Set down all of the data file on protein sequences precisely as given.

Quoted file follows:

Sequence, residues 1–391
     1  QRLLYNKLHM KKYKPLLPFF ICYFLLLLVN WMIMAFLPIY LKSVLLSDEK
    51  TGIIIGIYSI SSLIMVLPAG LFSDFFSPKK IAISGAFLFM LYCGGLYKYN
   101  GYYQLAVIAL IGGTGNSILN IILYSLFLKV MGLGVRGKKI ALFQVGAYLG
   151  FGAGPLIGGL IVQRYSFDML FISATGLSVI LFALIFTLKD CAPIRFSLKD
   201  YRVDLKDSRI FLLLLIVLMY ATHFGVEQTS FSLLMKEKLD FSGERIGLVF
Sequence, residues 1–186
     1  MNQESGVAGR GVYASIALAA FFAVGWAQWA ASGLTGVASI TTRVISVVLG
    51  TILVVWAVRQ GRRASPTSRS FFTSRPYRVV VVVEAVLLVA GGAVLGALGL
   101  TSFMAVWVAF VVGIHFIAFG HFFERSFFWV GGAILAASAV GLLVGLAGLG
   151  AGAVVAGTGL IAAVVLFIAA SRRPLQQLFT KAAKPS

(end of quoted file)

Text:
Sequence, residues 1–391
     1  QRLLYNKLHM KKYKPLLPFF ICYFLLLLVN WMIMAFLPIY LKSVLLSDEK
    51  TGIIIGIYSI SSLIMVLPAG LFSDFFSPKK IAISGAFLFM LYCGGLYKYN
   101  GYYQLAVIAL IGGTGNSILN IILYSLFLKV MGLGVRGKKI ALFQVGAYLG
   151  FGAGPLIGGL IVQRYSFDML FISATGLSVI LFALIFTLKD CAPIRFSLKD
   201  YRVDLKDSRI FLLLLIVLMY ATHFGVEQTS FSLLMKEKLD FSGERIGLVF
Sequence, residues 1–186
     1  MNQESGVAGR GVYASIALAA FFAVGWAQWA ASGLTGVASI TTRVISVVLG
    51  TILVVWAVRQ GRRASPTSRS FFTSRPYRVV VVVEAVLLVA GGAVLGALGL
   101  TSFMAVWVAF VVGIHFIAFG HFFERSFFWV GGAILAASAV GLLVGLAGLG
   151  AGAVVAGTGL IAAVVLFIAA SRRPLQQLFT KAAKPS